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Reasons for Purchasing an Older Home

Older, historic homes have architectural details--aged brass doorknobs, ornately carved banisters, fine wall moldings, beautiful wood floors, natural wood beams and trim--not found in contemporary, cookie-cutter homes.

Older homes typically were built without cutting corners and are sound and sturdy. The overall quality of construction typically offers larger framing (floor and roof support), solid wood rather than plywood sub flooring and plaster rather than drywall. Historic homes are also characterized by a high level of craftsmanship throughout the interior.

Older homes have withstood the test of time. When owners purchase an older home, they have the benefit of investigating problems that have developed during the current period of ownership.

In many communities, a buyer's money can go farther when purchasing an older home. Buyers get more rooms (and bigger rooms) with higher ceilings, bigger yards, breakfast nooks and basements. Most new houses are built on smaller lots. An older home's style and craftsmanship would be prohibitively expensive to recreate in a new house.

The varied room sizes, attics, basements, and unique spaces in many older homes can be perfect for today's diverse lifestyles. A small room or alcove can be a nursery, home office or just a private space away from the rest of the family. Porches are great places to meet your neighbors.

Older homes are situated in neighborhoods that were developed over a period of time and offer a wide variety of architectural styles. Buyers are often influenced by the "curb appeal" that these homes have. When driving through established historic neighborhoods there is an overall feeling of softness.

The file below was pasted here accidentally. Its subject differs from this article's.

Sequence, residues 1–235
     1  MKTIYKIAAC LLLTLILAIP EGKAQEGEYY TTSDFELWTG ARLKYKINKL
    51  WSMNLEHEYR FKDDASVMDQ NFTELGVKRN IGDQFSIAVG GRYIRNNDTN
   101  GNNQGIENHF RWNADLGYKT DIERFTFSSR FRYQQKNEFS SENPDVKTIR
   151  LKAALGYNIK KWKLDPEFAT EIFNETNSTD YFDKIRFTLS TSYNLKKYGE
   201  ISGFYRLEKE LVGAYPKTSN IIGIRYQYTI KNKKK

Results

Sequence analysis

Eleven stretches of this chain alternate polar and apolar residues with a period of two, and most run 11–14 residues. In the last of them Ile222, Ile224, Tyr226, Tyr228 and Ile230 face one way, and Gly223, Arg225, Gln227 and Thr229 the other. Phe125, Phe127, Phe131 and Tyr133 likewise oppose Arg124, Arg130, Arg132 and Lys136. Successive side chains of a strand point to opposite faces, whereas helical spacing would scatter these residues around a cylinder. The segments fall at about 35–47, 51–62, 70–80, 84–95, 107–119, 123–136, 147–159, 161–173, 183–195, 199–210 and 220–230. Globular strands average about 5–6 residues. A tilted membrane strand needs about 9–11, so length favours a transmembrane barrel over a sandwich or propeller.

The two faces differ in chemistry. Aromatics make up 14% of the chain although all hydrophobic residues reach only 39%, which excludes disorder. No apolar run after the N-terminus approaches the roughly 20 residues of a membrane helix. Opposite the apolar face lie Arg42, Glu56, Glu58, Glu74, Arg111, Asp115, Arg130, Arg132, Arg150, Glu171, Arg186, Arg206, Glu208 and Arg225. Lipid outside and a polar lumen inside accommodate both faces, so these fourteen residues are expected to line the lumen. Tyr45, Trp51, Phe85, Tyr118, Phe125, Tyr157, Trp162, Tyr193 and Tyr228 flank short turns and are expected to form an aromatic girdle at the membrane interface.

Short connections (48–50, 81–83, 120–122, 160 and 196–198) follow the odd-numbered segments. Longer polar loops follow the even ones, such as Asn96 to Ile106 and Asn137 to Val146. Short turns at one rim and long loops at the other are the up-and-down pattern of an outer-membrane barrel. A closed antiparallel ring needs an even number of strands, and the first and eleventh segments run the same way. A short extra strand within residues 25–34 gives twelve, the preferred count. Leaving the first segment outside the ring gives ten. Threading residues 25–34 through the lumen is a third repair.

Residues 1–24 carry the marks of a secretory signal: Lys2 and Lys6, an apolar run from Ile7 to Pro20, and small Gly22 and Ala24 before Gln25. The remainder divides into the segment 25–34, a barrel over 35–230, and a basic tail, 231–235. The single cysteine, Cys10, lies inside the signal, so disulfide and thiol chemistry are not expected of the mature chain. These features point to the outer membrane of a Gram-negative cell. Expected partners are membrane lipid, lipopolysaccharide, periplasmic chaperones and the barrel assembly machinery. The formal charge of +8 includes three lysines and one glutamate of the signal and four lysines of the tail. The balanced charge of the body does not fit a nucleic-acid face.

Older homes are situated in established, tree-lined neighborhoods with mature landscaping and more trees and shrubs.

Older homes are surrounded by an established community of nearby schools, transportation, shopping, and entertainment. Owners of historic homes get to know both their neighborhood and their neighbors.

Buying an older home for future renovation can be an exciting and rewarding experience. Neighborhoods with a collection of distinctive architectural styles can appeal to a fixer-upper who want hands-on-experience restoring and remodeling.

A sensitive, historic restoration or remodel can double the return of the investment.

If maintained and preserved, older homes, especially those in historic districts, appreciate in value more quickly than homes in new subdivision; prices in historically designated neighborhoods exceed those in similar nonhistoric areas.

Older homes come with a story and a history. There is pride of stewardship in becoming the latest link in a chain of people who cared enough to restore a place with love and keep a house alive.

 

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